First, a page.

In the wake of two brutal murders in the small Oklahoma town of Ada, police decided to close the cases, rather than fully investigate them. In a shocking series of police and prosecutorial violations, Ron Williamson and Dennis Fritz were convicted of killing Debbie Carter. Tommy Ward and Karl Fontenot were convicted of killing Denice Haraway in the same town, by the same police and judicial system, and using even thinner evidence. Grisham returns to his legal roots, exploring the police incompetence and interference, the tampering and concealment of evidence by the prosecution, and the cavalier attitude of the judge who allowed these cases to proceed. He doesn’t spare the defense attorneys, who were paid tiny sums to protect the rights of men under the shadow of a death sentence, and who did little to stop the farce.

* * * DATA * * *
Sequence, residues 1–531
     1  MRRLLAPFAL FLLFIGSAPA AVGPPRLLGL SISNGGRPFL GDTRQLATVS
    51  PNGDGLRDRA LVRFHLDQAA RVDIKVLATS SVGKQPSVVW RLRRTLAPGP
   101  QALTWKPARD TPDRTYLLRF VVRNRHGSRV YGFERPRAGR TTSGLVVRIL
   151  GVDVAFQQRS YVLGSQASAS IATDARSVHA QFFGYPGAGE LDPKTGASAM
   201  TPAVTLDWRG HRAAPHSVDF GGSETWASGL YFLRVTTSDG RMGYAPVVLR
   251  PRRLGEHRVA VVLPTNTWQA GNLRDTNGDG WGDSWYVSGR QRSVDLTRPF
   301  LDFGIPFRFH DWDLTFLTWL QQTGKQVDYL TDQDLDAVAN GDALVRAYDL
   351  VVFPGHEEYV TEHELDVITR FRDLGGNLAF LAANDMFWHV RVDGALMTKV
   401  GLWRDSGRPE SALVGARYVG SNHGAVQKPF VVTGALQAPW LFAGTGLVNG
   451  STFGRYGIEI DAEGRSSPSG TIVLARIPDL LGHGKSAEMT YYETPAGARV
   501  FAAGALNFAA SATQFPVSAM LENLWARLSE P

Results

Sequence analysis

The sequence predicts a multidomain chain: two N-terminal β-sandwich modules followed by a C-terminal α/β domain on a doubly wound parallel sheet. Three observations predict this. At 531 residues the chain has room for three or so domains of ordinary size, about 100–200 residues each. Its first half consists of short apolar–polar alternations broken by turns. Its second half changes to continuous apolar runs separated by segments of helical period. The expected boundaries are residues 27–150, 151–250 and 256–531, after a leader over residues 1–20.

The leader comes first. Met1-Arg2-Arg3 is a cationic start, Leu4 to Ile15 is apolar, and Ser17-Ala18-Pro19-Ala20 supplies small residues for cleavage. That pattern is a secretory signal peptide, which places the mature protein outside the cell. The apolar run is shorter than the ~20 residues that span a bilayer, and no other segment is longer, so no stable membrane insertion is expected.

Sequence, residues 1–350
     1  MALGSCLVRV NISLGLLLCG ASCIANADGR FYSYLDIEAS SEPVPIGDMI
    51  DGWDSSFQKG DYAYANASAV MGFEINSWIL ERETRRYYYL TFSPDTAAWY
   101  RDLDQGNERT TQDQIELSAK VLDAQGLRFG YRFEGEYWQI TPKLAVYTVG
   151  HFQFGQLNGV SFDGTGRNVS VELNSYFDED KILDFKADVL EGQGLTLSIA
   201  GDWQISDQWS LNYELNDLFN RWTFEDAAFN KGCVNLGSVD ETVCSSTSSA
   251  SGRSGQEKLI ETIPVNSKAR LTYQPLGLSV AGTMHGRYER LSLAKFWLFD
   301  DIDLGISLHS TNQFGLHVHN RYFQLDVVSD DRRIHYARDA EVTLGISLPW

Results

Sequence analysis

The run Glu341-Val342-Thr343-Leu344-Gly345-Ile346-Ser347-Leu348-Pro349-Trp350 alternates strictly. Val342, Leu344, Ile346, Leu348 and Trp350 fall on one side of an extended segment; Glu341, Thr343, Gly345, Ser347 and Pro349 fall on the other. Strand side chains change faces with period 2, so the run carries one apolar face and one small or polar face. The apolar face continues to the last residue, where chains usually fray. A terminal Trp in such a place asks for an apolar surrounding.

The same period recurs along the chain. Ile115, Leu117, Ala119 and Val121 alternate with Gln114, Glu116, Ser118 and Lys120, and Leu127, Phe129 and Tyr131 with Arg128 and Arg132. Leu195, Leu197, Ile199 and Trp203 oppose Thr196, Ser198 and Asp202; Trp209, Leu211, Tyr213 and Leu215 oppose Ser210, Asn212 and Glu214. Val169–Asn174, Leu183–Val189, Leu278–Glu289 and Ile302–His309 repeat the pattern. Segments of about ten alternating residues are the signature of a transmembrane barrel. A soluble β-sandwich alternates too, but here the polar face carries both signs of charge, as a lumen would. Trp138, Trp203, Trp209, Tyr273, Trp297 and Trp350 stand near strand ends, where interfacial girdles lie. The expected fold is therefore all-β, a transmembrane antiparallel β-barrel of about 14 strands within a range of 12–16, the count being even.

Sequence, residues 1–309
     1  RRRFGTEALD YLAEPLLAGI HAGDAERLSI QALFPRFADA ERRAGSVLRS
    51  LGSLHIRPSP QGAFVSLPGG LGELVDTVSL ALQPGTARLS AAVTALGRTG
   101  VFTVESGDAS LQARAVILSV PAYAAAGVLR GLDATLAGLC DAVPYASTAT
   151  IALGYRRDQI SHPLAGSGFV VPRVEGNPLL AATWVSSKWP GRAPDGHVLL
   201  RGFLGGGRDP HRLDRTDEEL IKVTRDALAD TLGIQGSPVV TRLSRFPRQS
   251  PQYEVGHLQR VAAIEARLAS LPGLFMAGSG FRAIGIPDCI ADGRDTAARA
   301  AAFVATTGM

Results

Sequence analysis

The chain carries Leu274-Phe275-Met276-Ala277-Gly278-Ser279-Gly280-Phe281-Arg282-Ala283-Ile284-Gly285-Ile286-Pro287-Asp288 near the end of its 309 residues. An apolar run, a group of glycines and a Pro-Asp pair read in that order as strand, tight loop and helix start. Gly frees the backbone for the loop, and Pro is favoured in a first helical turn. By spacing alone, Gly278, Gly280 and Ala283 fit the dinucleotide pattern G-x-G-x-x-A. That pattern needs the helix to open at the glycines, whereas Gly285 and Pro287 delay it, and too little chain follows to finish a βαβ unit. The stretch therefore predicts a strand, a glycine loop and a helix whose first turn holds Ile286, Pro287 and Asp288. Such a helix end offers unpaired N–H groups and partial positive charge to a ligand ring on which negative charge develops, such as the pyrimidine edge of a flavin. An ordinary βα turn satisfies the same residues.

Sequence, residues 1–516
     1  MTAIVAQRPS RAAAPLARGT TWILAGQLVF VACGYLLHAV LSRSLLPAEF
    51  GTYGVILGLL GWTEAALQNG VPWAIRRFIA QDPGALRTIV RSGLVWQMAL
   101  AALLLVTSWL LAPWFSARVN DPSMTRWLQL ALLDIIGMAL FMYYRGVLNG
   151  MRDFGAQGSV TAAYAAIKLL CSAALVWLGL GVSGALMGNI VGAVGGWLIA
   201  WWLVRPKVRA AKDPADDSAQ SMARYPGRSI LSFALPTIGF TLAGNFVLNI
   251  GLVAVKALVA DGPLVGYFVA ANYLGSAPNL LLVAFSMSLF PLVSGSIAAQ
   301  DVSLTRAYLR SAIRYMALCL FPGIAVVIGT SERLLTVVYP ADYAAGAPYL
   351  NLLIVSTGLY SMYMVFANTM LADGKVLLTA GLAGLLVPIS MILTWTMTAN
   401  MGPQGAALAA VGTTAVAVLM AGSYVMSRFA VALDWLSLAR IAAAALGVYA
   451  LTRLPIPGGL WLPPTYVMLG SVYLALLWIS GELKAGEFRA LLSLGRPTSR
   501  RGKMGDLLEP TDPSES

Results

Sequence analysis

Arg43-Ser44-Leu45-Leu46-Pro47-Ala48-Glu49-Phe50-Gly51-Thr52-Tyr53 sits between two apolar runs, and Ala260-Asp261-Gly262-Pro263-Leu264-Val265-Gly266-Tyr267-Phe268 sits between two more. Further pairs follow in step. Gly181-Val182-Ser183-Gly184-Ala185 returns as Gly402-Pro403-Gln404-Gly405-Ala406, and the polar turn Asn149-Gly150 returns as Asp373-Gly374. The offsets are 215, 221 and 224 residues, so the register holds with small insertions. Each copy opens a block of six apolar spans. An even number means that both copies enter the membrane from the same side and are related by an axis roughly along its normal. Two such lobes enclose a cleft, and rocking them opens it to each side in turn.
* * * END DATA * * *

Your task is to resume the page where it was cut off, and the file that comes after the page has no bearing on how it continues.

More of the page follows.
After years in the cruel Oklahoma prison system, Williamson (who was on Death Row) and Fritz succeeded in their appeals and were set free. After only five years of freedom, though, the toll on Williamson took his life. Ward and Fontenot are still in prison, but Denice Haraway’s killer still has not been found.
The Innocent Man is a detailed, well-written account of what happens when police and prosecutors decide that convictions are more important than justice. There are good prosecutors, committed police officers, dedicated public defenders. To Ada, Oklahoma’s shame and great cost, they had none of these.